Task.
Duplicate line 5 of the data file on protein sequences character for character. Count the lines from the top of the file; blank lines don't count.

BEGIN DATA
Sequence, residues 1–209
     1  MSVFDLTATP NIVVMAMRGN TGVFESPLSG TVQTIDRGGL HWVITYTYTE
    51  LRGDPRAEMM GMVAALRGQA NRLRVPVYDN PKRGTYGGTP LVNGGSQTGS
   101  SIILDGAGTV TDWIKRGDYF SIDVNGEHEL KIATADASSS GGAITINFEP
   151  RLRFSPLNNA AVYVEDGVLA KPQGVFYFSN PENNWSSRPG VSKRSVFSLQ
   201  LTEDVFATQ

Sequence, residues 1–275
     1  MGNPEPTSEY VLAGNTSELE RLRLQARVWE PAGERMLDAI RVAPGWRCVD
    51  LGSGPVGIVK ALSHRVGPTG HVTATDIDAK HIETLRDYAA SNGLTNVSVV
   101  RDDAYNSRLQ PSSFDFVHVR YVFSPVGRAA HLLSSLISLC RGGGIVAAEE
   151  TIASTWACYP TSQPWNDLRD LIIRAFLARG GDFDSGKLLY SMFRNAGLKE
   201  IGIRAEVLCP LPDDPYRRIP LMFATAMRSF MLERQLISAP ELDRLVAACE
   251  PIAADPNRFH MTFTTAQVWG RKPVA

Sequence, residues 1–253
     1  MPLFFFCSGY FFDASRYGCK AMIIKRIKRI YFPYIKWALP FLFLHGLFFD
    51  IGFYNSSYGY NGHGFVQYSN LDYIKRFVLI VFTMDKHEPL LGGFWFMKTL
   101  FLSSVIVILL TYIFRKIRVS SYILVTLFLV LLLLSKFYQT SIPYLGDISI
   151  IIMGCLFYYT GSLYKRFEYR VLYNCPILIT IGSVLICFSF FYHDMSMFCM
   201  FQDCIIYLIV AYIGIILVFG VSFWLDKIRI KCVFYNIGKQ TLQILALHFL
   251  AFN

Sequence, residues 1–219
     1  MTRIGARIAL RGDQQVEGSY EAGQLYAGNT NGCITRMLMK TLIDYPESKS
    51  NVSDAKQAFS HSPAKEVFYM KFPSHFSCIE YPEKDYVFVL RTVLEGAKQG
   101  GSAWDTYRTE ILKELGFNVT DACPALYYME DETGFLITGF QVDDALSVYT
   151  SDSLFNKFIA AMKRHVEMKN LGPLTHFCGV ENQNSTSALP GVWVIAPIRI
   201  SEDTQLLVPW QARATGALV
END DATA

   151  RLRFSPLNNA AVYVEDGVLA KPQGVFYFSN PENNWSSRPG VSKRSVFSLQ